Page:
Death, winking: THE DEATH AND LIFE OF SYLVIA PLATH By Ronald Hayman

from: The Economist - August 10, 1991

T.S. Eliot once said that the heart of a poet's job was "a continual surrender of himself as he is at the moment to something which is more valuable". What matters to the writer--and reader--is not the "poetic feelings" or romantic experiences that went into the work, but the finished poem.

With Sylvia Plath, alas, the process has been reversed. Since her suicide in 1963 she has become a kind of cult figure, and most people see her poetry as a commentary on her personality and the lurid circumstances of her death. The situation has been complicated by biographies offering sharply contrasting views of her character--as martyr or manipulator--and by the fact that her estate, including the right to reproduce any of her writing, is controlled by Ted Hughes, her former husband, a key figure in the Plath saga, and now Poet Laureate.

Mr Hughes has edited Plath's "Collected Poems" but has tried to stay above the biographical fray, declaring, "I hope that each of us owns the facts of her or his own life." In practice he has kept the facts of his life with Sylvia quite closely guarded, even destroying one of her journals. He has often met authorial speculation with threats of legal action or refusal of permission to publish excerpts from Plath's work.

All this is a tangled tale, and the appearance of Ronald Hayman's book might seem to tangle it still further. However, Mr Hayman is a scrupulous and thoughtful investigator with several first-rate literary biographies to his credit, and his book offers a welcome new perspective. Balanced and concise, it begins with Plath's suicide and the events surrounding it, before analysing the way people and circumstances in her earlier life contributed to her fate.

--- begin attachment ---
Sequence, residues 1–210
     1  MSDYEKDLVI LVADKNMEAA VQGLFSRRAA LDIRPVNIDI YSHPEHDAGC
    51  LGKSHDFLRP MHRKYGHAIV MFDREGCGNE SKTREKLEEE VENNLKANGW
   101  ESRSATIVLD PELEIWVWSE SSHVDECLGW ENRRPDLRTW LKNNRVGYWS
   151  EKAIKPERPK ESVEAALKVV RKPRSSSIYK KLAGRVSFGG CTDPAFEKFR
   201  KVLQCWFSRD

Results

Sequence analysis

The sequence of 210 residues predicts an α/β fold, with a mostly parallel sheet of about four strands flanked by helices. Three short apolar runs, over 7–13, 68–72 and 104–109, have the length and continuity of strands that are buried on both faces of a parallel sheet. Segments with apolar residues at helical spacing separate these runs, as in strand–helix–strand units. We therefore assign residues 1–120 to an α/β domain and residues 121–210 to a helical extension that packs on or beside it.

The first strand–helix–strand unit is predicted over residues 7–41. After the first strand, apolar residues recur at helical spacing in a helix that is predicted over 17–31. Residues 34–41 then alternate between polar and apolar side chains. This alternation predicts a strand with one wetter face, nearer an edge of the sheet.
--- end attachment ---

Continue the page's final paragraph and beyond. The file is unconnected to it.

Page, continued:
Indeed, Mr Hayman seems to regard her death as something almost inevitable. "In my view, it's impossible to understand Sylvia Plath's life without understanding the long relationship with death which was eventually consummated in suicide." That word "consummated" sums up Plath's life-long fascination with extinction. In a sense she never recovered from the death of her autocratic father when she was eight. Addressing him in her harrowing late poem "Daddy", she declares that her first suicide attempt at 20 was an effort "to get back, back, back to you". Whenever the pressures of her life became intolerable, the thought of that release and refuge was close at hand. As Mr Hayman puts it, in a phrase that sends a shiver down the spine, "Death was always winking at her from a dark corner."

She inclined always to extremes. Encouraged by the mother she simultaneously adored and despised, she drove herself to excel at everything. In America in the 1950s this meant combining her literary ambition with glossy femininity and aspirations to be a model wife and mother. At university she got top grades, published poems and stories and tried out a series of male partners. Her aim, she wrote in her journal, was "to live hard and good with a hard, good man". When she met Ted Hughes at Cambridge in 1956 he seemed ideal--physically and intellectually imposing, her peer in poetic talent and ambition. In her journal she vowed to "try...my force against his." Within four months they were married. Now, says Mr Hayman, "she was committed to perfectionism a deux."

Such a union was bound to veer from one extreme of feeling to another. But Plath was shattered when, after six years and two children, Ted Hughes embarked on an affair with another woman. The crisis released an outpouring of pain and rage in her extraordinary last poems. Mr Hayman argues that Plath's late verse in particular marks a change in poetic direction, for which the traditional aesthetic distance between art and life no longer applies. Pace Eliot, the suffering woman and the creating mind were fiercely, even vindictively, allied, and a different approach is needed to appreciate her poetry's full effect.

Mr Hayman wants to demonstrate the connection between the life, death and work of Sylvia Plath. He also hopes the Plath estate will give readers more help in pursuing the connection themselves. Even without further biographical revelations, the clarity and intelligence of his book will go a long way towards illuminating the dark forces that impelled both poet and poems.


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